Installing Laminate Flooring on concrete, stairs and bathroom

Installing Laminate Flooring on concrete, stairs and bathroom

Homeowners are increasingly embracing the idea of laminate flooring when doing home improvement projects. These are highly durable materials and they offer a wide range of style options without the costly expense of real hardwood. Laminate flooring is suitable for every room, including the bedroom, hallways, kitchen, and even bathrooms. However, you may want to avoid installing in damp areas like bathrooms because the inner core of the material is made with wood or fiberboard that can be damaged by moisture. Still, deciding on the right laminate is not easy. In this guide, we tell you everything you need to know before installing laminate flooring. Let’s dive right in.


What Is Laminate Flooring?

Laminate flooring is a synthetic product made of several materials layered and sealed together in the lamination process. The product is designed to be durable and affordable, and comes in a vast selection of wood look-alike products, with some featuring stone and ceramic imitations as well.

Laminate flooring consists of four main components:

  • Wear Layer – is the top layer, which is scratch resistant to prevent daily wear and tear. It's also easy to clean and maintains a fade- and stain-resistance appearance.

  • Décor Layer – this layer contains a printed image of the natural wood, tile, or ceramic look-alike.

  • Core Layer – this is the layer that gives the laminate its structure and dent-resistant properties. Laminate flooring is made to withstand dents more than real hardwood flooring.

  • Backer Layer – the last layer is designed to provide additional support and stability to the laminate.


Where to Install Laminate Flooring

As previously noted, laminate flooring is made to be extremely durable, making it a great choice for high traffic areas, like the living room and hallways. However, over the years, the product has advanced, widening its scope of applications.

Today, laminate flooring has more detail and style, making them quite eye-catching. The addition of waterproof materials allows you to install them in kitchens and even bathrooms. It can also be a great option for basements. In recent years, we’ve seen laminate flooring being installed on walls, completely changing the room’s appearance.

Tips Before Installing Laminate Flooring

Waterproof Vs. Water-Resistant Laminate Flooring

These two terms are usually used interchangeably, but you should tell them before installing laminate flooring. But when it comes to choosing the right laminate, be sure to read the instructions carefully. Waterproof laminate flooring needs to be installed with 100 percent silicon sealant and a 3/8-inch foam backer rod around the room’s perimeter.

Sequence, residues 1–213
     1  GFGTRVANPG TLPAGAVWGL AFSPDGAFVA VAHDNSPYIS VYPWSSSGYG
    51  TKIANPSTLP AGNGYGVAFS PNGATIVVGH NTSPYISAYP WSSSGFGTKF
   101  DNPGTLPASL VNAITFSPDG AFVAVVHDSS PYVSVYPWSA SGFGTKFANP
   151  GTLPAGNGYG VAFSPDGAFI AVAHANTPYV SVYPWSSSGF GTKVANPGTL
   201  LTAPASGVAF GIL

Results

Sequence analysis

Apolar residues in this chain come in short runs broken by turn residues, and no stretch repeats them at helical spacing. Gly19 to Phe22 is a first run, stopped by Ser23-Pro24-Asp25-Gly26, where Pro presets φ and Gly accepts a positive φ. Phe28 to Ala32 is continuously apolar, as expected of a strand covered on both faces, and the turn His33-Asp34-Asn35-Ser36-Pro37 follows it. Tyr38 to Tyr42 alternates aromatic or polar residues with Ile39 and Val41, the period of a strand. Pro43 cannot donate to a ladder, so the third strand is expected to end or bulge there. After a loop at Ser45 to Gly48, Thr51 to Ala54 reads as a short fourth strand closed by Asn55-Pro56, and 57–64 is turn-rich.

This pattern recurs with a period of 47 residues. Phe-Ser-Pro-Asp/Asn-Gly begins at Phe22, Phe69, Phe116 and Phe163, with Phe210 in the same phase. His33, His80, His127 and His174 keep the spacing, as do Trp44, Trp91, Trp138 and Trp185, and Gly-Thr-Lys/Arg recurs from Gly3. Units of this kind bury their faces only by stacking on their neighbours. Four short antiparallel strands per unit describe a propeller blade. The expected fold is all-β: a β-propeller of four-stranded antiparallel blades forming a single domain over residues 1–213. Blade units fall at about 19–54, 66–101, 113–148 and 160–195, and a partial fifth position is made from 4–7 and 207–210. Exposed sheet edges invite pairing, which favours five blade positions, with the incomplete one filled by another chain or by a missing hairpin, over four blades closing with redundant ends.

Water-resistant, on the other hand, means that you need to clean up any moisture within 30 minutes.

AC Rating

Equally important is the Abrasion Criteria (AC) rating of the type of laminate you're buying. The AC is rated on a scale of 1-5 in regards to wear resistance. When selecting the laminate, keep in mind the higher the AC rating, the higher the durability. Having said that, AC 3 and AC 4 are the most common in residential properties.

Here's the breakdown:

  • AC 1: ideal for home use in areas with little foot traffic like the bedroom.

  • AC 2: ideal for home use in areas with medium foot traffic.

  • AC 3: ideal for home use in areas with high foot traffic, like the kitchen and living room.

  • AC 4: ideal for home use in all traffic areas. Can also be used on certain commercial properties.

  • AC 5: can withstand heavy commercial traffic.


Installation of laminate is pretty straightforward. But, you will require a set of tools to make the work possible. Some of the equipment/tools and materials you’ll need include:

  • Hammer

  • Rubber mallet

  • Pull bar or tapping block

  • Tape measure

  • Pencil

  • Chalk box

  • Circular saw, handsaw, or jigsaw

  • Utility knife

  • Scrap wood spacers

  • Underlayment and tape

Most laminate floorings have a “click together” design that simply locks into each other like Lego toys. Others may require the use of adhesive to secure them in place. You can opt to do it yourself or hire professionals to install them for you.

Maintenance and Cleaning

Laminate has a protective-wear layer that keeps most of the dirt and debris off the surface. This makes it easy to clean and sanitize the flooring whenever you want. Cleaning laminate flooring is generally easy and only requires you to sweep, vacuum, or dry mop it on a regular basis. For thorough cleaning, you can choose from the various cleaning regimens that are available. Generally, use a very mild soap and water solution and gently scrub or mop the specific areas that need your attention.

  • Take care not to allow water to stand on the surface of the floor or form in puddles for a prolonged period to avoid damage. Additionally, opt to use rugs or doormats in high traffic areas to reduce wear and the amount of dirt collected.

  • Try to avoid sliding heavy objects and furniture across the floor. If you have pets, keep their nails trimmed to minimize scratches on the surface.


In Conclusion…

Laminate flooring is a cost-effective solution for your space. It’s also a great choice if you are prone to allergies caused by carpets and rugs. Laminate flooring is easy to clean and accumulates less dirt. Nevertheless, laminate flooring will wear with time. How long it takes and how it ages will depend on a variety of factors, like exposure to high traffic areas. To get the longest service, be sure to buy laminate flooring with the highest AC rating you can afford. Laminate rated AC 4 or AC 5 for example, are tougher and designed to withstand any kind of wear and tear.

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